About the song
This is a song from Namibia in south west Africa. In Camden we learned it from Gitika Partington who taught it at our Royal Albert Hall Festival in 2002. It’s a traditional song and we think it is a song that would be sung at weddings and is all to do with getting the housework done. If anyone is able to give us more information, please do get in touch.
The song is in the Oshiwambo language which is spoken in the north of Namibia up near Angola.
Here’s a link to someone who can help you learn a bit more of the language.
As you can see on the map, Namibia is a bit of an odd shape with a long 280 mile strip protruding from the north east corner. This is called the Caprivi strip. Can the you find out why it’s there?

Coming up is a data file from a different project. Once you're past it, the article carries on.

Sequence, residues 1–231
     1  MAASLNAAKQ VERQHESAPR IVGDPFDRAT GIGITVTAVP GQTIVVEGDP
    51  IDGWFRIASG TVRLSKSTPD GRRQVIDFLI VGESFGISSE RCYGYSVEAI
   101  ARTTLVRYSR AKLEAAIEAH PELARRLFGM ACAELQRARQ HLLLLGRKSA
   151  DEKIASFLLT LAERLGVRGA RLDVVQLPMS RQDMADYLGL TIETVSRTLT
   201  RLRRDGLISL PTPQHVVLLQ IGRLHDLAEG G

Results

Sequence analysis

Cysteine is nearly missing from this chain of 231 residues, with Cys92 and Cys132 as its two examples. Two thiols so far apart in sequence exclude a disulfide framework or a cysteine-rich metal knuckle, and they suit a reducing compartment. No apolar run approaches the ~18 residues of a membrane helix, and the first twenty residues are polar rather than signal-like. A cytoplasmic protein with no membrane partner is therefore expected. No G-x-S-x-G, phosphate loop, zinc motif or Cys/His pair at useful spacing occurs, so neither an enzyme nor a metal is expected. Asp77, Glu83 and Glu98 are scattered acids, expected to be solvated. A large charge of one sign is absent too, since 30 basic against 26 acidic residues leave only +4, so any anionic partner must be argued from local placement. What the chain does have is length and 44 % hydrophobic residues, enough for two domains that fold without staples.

Learning the song
Here are some links to some sheet music and recordings to help you learn the song. The arrangement is for two voices, percussion, guitar and recorder. Use any or all of these resources as appropriate and useful.
It’s important to feel the underlying pulse of this song and to “sit back” on the syncopated rhythms – don’t let them rush. Move to the pulse – step it – use claps or chest taps – or all three.
Voice 1 is the main tune and Voice 2 is a simple, lower, harmony part which uses the same rhythm, following the contour of the melody. The key to getting the lower harmony correct is staying on the same note at the beginning.
If and when we sing this song as part of a sharing festival, we will work out a simple arrangement so we’re all doing the same thing. For the moment, learn both parts and you can devise your own arrangement.
The everlasting accompaniment is just that – it keeps cycling through the song and will be useful if you are making up untuned percussion or body percussion parts. If you are able to play your recorder or guitar along to the song, this track will also be useful to practice along to.